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Crime and Punishment according to a Neo-Babylonian Document from Babylon

Greta Van Buylaere

Pages 19 - 40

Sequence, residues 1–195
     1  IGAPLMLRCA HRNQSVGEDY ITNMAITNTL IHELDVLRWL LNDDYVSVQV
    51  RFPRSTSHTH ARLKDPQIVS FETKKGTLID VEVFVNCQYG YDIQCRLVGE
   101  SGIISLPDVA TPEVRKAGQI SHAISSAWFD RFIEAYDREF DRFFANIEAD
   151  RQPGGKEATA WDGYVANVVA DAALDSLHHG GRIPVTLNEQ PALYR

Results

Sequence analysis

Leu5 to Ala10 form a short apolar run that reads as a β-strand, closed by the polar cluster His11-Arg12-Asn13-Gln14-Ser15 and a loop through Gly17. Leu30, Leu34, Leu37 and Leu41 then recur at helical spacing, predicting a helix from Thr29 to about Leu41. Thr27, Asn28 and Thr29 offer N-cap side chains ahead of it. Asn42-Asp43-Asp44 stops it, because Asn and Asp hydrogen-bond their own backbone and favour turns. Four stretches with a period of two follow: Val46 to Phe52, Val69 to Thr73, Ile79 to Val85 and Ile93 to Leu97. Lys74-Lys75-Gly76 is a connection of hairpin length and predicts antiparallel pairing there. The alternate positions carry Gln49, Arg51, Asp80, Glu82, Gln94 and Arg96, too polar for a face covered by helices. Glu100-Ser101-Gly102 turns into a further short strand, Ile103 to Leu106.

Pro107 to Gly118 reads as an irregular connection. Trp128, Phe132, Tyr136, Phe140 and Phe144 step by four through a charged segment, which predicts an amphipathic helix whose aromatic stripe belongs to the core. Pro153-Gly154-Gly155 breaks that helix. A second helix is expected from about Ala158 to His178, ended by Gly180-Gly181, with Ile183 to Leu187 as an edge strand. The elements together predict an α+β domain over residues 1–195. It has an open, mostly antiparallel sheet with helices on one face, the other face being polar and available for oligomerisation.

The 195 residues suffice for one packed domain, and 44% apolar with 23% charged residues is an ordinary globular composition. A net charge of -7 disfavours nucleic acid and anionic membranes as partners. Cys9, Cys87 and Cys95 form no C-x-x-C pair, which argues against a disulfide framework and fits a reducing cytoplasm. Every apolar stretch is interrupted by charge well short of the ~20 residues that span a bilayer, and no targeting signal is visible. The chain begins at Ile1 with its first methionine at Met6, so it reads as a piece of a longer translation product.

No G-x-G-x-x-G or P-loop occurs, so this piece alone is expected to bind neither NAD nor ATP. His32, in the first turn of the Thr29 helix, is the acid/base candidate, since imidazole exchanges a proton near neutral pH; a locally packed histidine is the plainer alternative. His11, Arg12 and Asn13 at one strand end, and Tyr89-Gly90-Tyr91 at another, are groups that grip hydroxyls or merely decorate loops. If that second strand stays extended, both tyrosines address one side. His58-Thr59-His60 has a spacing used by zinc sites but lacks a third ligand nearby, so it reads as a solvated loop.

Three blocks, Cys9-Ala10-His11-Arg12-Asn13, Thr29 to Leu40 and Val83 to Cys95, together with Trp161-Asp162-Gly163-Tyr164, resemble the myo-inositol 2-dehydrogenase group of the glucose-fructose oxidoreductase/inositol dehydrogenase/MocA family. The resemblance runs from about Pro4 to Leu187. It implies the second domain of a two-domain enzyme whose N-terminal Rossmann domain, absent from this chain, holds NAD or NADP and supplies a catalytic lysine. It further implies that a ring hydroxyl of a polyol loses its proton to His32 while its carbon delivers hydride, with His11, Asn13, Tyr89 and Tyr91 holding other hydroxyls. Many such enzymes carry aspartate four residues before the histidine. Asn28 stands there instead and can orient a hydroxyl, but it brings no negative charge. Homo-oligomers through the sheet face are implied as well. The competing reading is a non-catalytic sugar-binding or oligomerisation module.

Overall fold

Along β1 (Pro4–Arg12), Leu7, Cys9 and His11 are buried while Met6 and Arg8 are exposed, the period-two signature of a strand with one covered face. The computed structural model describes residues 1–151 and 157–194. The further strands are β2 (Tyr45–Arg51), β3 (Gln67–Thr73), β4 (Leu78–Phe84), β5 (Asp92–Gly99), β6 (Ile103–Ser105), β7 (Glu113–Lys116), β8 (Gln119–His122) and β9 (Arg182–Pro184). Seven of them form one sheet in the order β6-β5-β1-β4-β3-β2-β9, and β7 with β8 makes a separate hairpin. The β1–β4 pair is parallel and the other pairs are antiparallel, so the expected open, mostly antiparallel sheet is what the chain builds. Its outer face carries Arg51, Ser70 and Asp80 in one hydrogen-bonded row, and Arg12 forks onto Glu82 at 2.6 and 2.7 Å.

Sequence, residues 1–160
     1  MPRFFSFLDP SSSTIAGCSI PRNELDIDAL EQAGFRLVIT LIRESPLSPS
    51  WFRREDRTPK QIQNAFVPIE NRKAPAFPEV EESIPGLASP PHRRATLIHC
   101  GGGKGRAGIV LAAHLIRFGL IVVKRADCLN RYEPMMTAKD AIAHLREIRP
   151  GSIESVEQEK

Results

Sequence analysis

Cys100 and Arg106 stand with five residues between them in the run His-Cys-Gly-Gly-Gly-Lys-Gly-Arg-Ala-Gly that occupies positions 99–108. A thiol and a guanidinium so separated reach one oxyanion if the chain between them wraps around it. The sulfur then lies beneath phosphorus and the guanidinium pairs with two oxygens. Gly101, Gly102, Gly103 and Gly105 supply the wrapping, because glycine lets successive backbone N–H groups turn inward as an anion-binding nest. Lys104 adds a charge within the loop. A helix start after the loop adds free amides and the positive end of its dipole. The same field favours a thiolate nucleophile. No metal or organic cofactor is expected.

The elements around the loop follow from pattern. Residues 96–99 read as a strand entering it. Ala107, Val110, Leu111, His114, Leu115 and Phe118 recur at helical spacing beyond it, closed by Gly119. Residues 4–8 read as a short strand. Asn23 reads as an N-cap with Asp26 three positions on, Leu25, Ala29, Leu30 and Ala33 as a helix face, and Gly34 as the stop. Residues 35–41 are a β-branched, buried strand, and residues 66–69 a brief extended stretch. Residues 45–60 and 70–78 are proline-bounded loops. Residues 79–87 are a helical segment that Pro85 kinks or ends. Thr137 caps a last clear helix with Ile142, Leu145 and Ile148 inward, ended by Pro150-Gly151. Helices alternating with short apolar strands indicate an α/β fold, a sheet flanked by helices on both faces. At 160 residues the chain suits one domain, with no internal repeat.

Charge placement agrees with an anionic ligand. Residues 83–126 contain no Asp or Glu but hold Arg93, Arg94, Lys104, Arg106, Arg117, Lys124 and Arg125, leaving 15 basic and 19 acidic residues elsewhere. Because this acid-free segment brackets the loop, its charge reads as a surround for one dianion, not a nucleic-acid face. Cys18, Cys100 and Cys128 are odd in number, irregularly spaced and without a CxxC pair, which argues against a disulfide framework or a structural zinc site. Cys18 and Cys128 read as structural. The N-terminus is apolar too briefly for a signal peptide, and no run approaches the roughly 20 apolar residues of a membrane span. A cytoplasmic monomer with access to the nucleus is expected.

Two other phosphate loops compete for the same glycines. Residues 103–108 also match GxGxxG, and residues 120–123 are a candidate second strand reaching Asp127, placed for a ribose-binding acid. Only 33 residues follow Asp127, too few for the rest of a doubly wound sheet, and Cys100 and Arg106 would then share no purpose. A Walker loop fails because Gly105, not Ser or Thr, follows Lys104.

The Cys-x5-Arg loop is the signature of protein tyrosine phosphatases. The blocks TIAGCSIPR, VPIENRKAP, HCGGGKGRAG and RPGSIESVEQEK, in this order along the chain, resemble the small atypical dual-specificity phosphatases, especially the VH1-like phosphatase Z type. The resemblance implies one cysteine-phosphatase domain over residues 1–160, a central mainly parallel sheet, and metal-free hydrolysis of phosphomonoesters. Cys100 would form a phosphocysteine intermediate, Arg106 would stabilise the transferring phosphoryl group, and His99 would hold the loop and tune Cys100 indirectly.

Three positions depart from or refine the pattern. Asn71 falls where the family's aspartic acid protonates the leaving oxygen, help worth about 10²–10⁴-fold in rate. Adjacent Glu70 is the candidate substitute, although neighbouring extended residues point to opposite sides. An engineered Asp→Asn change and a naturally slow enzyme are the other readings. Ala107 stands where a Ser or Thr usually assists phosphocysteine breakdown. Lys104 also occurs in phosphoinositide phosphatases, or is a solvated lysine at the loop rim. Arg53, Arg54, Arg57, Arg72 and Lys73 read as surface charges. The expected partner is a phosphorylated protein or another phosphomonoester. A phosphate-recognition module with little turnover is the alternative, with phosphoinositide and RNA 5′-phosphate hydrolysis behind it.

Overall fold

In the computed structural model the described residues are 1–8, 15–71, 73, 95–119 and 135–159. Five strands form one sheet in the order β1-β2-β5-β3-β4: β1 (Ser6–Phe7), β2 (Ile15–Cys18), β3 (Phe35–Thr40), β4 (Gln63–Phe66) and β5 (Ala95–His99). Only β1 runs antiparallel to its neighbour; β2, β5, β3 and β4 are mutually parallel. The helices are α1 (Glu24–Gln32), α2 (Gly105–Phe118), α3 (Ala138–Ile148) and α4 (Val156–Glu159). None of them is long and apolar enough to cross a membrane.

The single-column tablet A 2540+ was discovered in the Ištar temple in Babylon. Written in a summary fashion, it records the fates of two groups of prisoners. The first group consists of free citizens, slaves and temple dependants (mār banê, qallu and širku) who were brought to court from the governor’s prison (bīt kīli ša šakin ṭēmi); the second group, including slaves and temple dependants, had been held in the prison of Kudurru, the royal secretary (zazakku). The tablet does not offer a detailed description of the criminal offences that were or were not committed by the prisoners, but thefts and unspecified crimes against individuals are listed. Presumably, the investigation into their wrongdoings had closed, and they had been brought to the Ištar temple to hear their verdict. Those found innocent, were set free; the others (at least the slaves and temple dependants) were handed over to an institution, temple or person. The tablet was probably written in the reign of Nebuchadnezzar II.


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